Much to the dismay of police departments nationwide, rear-wheel-drive, V-8-powered body-on-frame sedans are done. Ford Motor Company's mainstay cop car has finally gone to that great taxicab-used car lot in the sky. But you had better believe Dearborn desperately wants to hold on to the 70 percent of the law enforcement fleet business it owned thanks in large part to its outgoing Crown Victoria.

In an effort to fight off the Dodge Charger Interceptor, Chevrolet's Impala and Tahoe, and the coming Chevy Caprice and Carbon Motors efforts, Ford is marketing its new Taurus- and Explorer-based Police Interceptors for their safety and tight handling. The '11 unibody Police Interceptors -- the new Explorer is on the same platform as the Taurus, of course -- have crush zones that the body-on-frame, Panther-platform Fords lacked.

This is a big deal. It emphasizes police officer safety over police fleet cost. Body-on-frame cars and trucks are very easy and cheap to repair. The Los Angeles County Sheriff Department's motor pool has its own body shop and frame straighteners, and can have a cop car that starred in last night's Action News 'copter chase scene back on the road in a matter of days, often with a front clip from a junked taxicab. Of the Detroit Three's volume cop cars, the Chevrolet Tahoe is the only body-on-frame model.

With its new Explorer -- uh, Police Interceptor sport/utility -- Ford is emphasizing the availability of all-wheel-drive, which is also offered on the P.I. sedan (Taurus). Ford says either car is better suited for most PDs with the AWD option, because AWD can better handle winters, and in places like L.A., can handle a variety of terrain.

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Ford drove this point home by driving us around a tight autocross course first in the old Crown Vic cop car, then in an AWD, EcoBoost Taurus-based P.I. (Abbreviations are like doughnuts to cops.) Ford didn't allow journalists to drive, but from the short demonstration it was clear the new unibody model has tighter, better, more predictable handling thanks to AWD versus the RWD Vic. Although you can't steer the new AWD car with the throttle, it did display some line tightening oversteer in one tight, fast turn. (Hollywood will have to use the RWD Chevy Caprice or Dodge Charger for big chase scenes.) And the front bucket seats are a bit more supportive.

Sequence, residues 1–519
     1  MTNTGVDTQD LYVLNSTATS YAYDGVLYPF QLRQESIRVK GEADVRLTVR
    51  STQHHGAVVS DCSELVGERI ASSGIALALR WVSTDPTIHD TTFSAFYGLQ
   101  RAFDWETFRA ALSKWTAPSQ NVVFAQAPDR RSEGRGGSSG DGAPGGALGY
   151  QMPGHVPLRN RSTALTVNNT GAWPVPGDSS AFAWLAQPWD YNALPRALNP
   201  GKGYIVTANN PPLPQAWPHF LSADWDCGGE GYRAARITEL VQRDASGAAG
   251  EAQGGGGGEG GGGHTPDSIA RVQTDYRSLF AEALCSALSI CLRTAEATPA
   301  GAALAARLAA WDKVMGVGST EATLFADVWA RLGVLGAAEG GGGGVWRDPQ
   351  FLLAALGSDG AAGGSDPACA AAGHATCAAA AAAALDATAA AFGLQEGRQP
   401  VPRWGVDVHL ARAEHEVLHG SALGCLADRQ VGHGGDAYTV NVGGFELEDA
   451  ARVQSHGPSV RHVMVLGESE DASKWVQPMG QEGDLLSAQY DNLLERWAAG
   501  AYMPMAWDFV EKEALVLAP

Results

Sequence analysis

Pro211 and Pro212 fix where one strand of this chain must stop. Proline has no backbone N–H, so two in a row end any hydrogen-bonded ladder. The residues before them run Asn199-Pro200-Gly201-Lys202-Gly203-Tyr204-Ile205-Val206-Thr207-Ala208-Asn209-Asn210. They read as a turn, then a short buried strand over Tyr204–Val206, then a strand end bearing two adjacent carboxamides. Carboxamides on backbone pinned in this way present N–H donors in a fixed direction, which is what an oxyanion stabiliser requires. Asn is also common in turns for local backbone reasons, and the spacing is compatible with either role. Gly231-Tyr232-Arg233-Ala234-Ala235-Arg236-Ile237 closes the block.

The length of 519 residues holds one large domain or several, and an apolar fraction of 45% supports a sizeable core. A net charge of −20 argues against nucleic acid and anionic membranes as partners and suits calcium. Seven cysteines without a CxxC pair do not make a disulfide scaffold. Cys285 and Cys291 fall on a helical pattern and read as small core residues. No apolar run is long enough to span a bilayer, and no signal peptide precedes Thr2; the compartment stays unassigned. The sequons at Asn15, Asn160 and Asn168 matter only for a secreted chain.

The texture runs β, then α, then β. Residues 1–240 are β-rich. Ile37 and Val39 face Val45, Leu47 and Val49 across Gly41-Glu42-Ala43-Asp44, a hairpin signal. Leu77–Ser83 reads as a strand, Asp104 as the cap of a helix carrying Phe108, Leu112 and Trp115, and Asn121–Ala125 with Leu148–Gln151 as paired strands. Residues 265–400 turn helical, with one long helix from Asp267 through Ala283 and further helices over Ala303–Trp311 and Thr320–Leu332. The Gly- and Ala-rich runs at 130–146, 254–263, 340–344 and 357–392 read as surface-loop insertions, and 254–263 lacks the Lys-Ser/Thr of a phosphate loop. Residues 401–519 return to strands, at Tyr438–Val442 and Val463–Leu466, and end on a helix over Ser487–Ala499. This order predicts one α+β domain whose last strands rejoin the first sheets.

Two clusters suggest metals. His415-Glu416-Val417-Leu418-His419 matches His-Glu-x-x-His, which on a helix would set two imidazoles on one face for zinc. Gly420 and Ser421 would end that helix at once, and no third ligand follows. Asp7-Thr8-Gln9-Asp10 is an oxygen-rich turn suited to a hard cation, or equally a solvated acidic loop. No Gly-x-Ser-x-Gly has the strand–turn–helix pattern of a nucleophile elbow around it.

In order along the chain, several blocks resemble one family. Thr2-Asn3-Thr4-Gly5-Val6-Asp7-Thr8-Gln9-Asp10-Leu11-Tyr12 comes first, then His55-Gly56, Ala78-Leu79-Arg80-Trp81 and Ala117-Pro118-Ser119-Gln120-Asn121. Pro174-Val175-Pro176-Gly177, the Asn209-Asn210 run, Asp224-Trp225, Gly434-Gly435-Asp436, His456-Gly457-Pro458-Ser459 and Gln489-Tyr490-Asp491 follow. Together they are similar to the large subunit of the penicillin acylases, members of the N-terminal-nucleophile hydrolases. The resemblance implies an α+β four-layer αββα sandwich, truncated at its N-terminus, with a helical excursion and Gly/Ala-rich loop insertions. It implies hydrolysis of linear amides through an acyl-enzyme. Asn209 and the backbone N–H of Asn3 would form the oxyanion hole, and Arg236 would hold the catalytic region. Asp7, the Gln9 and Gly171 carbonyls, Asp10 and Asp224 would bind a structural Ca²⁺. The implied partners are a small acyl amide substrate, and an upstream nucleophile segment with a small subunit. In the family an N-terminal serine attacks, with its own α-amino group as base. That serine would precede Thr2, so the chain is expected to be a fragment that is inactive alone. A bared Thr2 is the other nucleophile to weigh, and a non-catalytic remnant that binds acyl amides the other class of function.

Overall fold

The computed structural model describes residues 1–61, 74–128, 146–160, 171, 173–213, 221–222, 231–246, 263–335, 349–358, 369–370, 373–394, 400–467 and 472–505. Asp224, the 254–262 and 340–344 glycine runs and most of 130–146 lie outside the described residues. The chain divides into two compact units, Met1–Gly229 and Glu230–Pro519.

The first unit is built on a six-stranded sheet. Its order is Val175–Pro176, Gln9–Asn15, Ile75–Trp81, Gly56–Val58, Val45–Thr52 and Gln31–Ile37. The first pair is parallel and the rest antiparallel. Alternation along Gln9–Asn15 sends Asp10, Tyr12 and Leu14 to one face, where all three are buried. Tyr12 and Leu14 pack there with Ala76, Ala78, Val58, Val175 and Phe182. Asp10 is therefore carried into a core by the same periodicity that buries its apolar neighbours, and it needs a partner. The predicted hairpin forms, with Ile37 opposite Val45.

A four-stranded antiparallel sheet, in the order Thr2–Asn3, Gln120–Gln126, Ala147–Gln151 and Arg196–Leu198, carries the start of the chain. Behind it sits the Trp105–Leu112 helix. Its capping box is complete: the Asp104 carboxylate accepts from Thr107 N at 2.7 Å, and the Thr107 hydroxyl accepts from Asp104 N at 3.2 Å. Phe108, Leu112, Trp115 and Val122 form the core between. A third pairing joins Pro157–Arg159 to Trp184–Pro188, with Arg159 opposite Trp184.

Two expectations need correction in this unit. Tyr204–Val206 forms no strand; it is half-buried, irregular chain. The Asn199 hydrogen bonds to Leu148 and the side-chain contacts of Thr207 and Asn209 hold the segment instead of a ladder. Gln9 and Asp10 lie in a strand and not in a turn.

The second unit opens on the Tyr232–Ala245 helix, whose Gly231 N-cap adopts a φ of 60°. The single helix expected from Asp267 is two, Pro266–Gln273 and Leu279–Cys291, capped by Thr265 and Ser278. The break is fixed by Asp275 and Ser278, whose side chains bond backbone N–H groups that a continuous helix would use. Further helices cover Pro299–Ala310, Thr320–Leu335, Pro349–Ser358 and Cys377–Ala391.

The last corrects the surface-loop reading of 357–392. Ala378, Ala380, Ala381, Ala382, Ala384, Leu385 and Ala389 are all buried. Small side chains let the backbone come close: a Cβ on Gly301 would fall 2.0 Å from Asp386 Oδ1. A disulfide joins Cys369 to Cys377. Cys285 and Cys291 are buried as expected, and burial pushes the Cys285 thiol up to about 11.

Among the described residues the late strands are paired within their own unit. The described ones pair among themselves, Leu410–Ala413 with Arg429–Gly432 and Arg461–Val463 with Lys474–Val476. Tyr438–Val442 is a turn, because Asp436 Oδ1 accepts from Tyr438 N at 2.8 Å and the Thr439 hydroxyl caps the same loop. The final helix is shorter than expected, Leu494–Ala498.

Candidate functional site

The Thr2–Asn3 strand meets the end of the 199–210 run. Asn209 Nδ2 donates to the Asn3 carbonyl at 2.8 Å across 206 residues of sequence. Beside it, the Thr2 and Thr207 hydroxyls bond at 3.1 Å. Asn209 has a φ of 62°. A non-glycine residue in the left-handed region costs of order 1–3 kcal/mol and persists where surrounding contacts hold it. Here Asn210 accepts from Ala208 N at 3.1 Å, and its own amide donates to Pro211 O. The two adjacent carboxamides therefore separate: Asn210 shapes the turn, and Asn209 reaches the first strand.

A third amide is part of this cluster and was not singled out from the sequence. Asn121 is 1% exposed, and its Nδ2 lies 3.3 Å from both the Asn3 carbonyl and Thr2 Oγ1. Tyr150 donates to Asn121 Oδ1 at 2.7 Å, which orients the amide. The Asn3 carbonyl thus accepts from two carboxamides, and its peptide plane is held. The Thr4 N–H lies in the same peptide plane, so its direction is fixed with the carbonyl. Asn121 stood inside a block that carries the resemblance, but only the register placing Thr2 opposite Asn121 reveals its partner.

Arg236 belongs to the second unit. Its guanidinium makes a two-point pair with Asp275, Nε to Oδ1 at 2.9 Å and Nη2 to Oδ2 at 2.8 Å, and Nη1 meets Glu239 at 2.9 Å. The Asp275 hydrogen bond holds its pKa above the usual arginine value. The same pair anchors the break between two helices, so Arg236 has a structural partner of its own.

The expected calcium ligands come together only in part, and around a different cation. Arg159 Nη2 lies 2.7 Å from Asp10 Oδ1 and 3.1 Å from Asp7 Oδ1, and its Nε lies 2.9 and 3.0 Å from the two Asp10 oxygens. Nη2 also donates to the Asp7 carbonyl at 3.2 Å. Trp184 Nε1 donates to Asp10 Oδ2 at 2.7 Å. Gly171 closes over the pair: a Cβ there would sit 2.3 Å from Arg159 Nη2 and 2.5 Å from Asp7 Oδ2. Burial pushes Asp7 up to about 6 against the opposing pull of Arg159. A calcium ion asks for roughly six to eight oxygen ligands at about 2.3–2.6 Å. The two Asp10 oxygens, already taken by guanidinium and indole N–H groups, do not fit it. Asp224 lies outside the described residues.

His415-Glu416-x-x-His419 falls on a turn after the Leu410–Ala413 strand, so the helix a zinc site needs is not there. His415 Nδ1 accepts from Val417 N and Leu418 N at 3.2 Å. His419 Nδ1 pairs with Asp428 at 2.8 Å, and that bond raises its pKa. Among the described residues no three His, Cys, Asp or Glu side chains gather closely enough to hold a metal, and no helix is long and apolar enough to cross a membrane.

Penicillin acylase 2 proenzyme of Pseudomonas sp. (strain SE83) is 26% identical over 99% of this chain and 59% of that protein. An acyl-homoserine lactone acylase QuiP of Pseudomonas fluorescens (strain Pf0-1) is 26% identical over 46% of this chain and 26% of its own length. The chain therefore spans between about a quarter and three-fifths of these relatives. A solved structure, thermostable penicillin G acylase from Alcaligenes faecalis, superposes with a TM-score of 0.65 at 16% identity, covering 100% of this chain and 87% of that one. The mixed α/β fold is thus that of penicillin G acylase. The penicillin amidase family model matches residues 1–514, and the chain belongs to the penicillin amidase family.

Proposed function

The surprising thing is the power difference. The 2010 Crown Vic Police Interceptor still used the 210-horsepower, 4.6-liter V-8 engine. The new Police Interceptor and Police Interceptor SUV will be offered with Ford's 3.5-liter Ti-VCT V-6, mated to the six-speed automatic. It makes "280-plus" horsepower, according to Ford, is E85 flexible, and goes 20-percent farther on a gallon of gas than the Crown Vic.

Ford will offer the sedan (Taurus) with the optional 3.5-liter EcoBoost, which makes 365 horsepower and 350 pound-feet in the Taurus SHO. The EcoBoost won't be available in the Police Interceptor SUV (Explorer) at launch, though Ford brass hinted heavily that it would be added soon afterward. Still, with the new models making at least 70 horsepower more than the old Crown Vic's V-8, many PDs may choose not to pay extra for EcoBoost and premium gas.

Ford did not announce pricing, but said the new models will be in the same ballpark as the old cop car. And the price of the SUV won't be too much higher than for the sedan. The company expects many police departments will increase sales for the SUV, which can easily accommodate rifles and other equipment, and K-9 police dogs.

Both the sedan and SUV Police Interceptors feature the usual cop car components. The standard unibody platform features 60-percent high-strength steel, and a hydroformed, high-strength steel tube that runs the width of the vehicle to improve structural rigidity. Body structure is twice as stiff as the Taurus and Explorer. The two models have been crash-tested for rear collision up to 75 mph, a sensitive point, considering some police department complaints about the Crown Vic in rear-end collisions.

Both Police Interceptors have all the usual airbags, including rollover bags.

They have ballistic door panels that absorb up to Type 3 ammunition, and anti-stab plates in the rear of the front seats, so a suspect with a hidden knife can't attack police officers.

The sedan and SUV come with the same 9-inch center console width as the Crown Vic so that police departments can retrofit equipment they already own. The rear seat is vinyl and rubber floor mats replace civilian carpeting. Both back seats are tight for such large vehicles, although the P.I. SUV has a bit more foot space for the suspect than the sedan. The sedan's front seat might be a bit tight for taller police officers, too.

The Police Interceptor comes with six-way power adjustable driver's seat, adjustable pedals, tilt steering wheel, and of course, a column shifter to preserve the precious real estate between the seats, which are designed on the inboard side to make room for holsters.

Heavy-duty components include larger caliper brakes and rotors that can manage more heat, 18-inch steel wheels common to both models, and a full-size spare. The cooling system has been beefed up for twice the capacity.

The two Police Interceptors will carry no Taurus or Explorer badges, and they won't be included in Taurus or Explorer sales numbers. With all the heavy-duty equipment and with the P.I. name, Ford wants to make sure they're sold only to federal, state, and local law enforcement agencies. The company claims no control over where they go on the used car market, so if you're into the extra structure and weight or you own a fleet of taxis, this would be a good time to start supporting your local sheriff.

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